On 7 June 2017, the UK generated over 50% of its electricity from renewable energy for the first time ever. This follows on from the UK going a full 24 hours without any power generated from coal on 21 April 2017. These are landmark moments indeed! However, the UK still has a long way to go in renewables as it is lagging behind most international benchmarks. In 2015, only 8.2% of UK energy was generated from renewable sources. Furthermore, the UK now has plans to scrap its target of reaching 15% renewable energy generation by 2020 as part of Brexit.
The UK is not the only country that has recently been setting clean energy records. In early May 2017, Germany broke all records with renewable energy sources powering 85% of the country’s energy demands. On 13 May 2017, California generated just over 80% of its energy from renewable sources, with approximately 67% coming from solar power.
The EU is seeking to increase its power generation from renewables to 20% across all countries by 2020, as part of Europe 2020, the EU’s 10 year jobs and growth strategy. By 2015, it had reached 17% with several countries already meeting and exceeding the set thresholds. However, as the below diagram shows, there are still many countries that are falling behind.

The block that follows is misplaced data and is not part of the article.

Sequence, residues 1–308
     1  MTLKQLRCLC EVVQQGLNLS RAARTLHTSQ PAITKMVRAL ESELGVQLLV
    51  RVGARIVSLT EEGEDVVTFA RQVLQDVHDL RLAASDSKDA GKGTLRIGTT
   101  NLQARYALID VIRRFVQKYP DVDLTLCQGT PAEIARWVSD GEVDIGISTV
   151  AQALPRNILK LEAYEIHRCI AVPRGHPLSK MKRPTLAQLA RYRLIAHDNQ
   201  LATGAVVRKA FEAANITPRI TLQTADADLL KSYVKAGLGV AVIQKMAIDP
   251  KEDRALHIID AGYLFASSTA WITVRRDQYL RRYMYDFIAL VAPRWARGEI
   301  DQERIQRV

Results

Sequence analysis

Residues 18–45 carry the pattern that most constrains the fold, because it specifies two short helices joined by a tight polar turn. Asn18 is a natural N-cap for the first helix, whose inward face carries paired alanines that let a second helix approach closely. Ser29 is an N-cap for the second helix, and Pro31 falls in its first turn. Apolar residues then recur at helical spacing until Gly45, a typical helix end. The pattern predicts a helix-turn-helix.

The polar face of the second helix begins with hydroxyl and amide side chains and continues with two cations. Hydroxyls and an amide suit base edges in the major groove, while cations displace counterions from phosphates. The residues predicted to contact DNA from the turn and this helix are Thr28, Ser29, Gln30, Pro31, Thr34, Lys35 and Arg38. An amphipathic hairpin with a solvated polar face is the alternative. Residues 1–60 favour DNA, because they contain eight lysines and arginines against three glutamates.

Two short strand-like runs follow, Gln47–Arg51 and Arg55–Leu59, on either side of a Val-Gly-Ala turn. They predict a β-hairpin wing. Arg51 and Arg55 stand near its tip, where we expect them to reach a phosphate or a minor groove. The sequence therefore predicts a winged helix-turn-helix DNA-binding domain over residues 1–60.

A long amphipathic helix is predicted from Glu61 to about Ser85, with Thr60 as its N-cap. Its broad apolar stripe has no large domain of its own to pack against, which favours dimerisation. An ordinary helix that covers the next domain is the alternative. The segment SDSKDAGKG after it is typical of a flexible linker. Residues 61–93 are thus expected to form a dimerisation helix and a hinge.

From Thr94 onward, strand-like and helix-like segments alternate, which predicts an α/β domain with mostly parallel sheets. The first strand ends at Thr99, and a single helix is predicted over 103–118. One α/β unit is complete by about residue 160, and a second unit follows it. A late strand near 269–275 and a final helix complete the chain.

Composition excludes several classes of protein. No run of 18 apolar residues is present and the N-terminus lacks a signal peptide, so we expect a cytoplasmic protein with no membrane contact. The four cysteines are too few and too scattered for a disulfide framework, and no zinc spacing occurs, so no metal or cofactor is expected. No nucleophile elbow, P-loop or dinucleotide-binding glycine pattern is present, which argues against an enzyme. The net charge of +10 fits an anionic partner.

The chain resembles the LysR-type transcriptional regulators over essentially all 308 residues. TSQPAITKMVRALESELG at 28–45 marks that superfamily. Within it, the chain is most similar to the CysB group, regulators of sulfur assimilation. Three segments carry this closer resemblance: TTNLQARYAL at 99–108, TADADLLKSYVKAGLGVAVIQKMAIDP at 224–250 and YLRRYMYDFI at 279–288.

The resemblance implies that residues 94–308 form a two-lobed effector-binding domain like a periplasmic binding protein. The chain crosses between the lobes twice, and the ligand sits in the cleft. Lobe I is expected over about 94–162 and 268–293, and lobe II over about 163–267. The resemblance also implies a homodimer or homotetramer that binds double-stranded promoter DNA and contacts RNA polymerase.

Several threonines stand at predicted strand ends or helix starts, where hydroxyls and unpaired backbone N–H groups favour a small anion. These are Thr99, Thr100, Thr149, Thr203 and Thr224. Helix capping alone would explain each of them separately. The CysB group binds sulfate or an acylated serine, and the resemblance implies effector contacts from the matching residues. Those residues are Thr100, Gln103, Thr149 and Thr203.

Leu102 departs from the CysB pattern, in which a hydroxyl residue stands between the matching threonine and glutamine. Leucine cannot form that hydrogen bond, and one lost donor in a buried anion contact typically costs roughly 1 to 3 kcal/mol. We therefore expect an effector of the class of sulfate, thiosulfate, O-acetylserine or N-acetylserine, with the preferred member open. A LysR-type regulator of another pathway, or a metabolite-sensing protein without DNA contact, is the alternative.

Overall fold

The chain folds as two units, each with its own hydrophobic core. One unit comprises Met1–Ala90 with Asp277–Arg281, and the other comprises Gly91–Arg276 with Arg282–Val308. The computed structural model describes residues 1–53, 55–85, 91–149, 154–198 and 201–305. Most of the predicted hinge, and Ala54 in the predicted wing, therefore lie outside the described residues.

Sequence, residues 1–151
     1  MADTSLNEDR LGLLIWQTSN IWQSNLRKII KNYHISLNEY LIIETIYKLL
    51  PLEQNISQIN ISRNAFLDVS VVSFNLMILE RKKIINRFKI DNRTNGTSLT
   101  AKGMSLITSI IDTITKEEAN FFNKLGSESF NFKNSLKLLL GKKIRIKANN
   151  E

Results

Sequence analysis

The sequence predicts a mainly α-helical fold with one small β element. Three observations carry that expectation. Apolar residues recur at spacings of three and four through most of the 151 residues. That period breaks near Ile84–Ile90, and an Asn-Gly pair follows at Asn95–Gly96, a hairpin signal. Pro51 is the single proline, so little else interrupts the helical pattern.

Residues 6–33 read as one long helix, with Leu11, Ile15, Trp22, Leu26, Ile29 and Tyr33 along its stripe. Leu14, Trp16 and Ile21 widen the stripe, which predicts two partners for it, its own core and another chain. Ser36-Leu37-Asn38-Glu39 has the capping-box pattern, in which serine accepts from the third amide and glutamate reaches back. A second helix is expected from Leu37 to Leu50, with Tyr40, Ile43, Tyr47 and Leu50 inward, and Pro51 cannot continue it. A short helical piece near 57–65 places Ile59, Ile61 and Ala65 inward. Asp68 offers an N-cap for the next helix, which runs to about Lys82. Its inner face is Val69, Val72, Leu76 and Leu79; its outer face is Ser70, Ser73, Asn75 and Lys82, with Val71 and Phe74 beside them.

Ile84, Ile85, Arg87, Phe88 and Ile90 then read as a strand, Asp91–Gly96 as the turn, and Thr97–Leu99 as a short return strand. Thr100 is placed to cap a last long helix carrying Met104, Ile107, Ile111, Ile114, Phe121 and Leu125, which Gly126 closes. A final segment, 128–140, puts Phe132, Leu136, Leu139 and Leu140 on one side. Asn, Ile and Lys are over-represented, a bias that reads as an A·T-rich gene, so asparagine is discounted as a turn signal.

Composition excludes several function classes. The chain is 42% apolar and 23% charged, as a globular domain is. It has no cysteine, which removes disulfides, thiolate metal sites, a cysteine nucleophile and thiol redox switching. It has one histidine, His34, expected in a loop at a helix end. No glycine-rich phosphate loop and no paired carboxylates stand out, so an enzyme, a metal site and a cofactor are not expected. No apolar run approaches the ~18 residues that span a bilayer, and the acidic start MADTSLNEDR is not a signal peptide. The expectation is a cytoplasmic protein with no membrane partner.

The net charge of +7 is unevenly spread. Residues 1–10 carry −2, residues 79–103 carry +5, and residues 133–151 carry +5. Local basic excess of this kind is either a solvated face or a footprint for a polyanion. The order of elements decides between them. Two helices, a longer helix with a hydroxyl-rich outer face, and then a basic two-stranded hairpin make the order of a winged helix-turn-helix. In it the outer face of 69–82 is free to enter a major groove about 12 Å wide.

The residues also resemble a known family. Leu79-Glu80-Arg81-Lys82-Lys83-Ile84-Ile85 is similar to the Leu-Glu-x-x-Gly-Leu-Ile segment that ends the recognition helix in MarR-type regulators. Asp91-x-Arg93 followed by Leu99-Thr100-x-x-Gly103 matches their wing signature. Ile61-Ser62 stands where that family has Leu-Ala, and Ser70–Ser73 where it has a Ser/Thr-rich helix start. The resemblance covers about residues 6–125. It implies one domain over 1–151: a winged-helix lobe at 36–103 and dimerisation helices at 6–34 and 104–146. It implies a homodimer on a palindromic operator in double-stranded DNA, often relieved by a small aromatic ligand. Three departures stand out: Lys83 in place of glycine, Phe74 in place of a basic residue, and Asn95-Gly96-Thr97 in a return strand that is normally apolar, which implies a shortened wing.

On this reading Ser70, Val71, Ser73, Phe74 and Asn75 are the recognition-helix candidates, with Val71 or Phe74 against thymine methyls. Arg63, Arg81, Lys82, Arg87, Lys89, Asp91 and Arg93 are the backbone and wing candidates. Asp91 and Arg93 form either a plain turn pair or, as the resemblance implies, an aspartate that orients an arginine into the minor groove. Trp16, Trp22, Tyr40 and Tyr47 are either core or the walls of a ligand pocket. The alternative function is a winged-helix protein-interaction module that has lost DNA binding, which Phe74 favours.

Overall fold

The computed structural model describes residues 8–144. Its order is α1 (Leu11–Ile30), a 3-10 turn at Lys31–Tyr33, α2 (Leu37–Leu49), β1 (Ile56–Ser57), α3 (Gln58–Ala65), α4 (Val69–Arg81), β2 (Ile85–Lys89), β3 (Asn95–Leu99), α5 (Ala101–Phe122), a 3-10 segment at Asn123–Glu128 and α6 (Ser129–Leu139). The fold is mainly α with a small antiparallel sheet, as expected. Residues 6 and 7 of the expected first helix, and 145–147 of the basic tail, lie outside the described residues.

In 2015, the countries with the highest share of renewable energy generation in the EU were Sweden, with 53.9%; Finland, with 39.3%; Latvia, with 37.6%, Austria, with 33% and Denmark with 30.8%. The countries with the lowest share were Luxembourg, Malta, the Netherlands, Belgium and the UK.
However, with renewable energy costs steadily tumbling, we are likely to see an increasing share of energy generation coming from renewable sources as more renewable capacity is installed. Indeed, a recent report from the UN Environment Programme and Bloomberg New Energy Finance shows that 139 gigawatts of renewable capacity was built in 2016, an 8% increase on the year before, despite investment falling by 23%. The report also shows that the 2016 gigawatt figure was equivalent to 55% of all the generating capacity added globally in 2016, the highest proportion in any year to date. So for the moment, we are getting more renewable energy capacity for less money. Let’s hope this trend continues…but without investors losing appetite for renewables!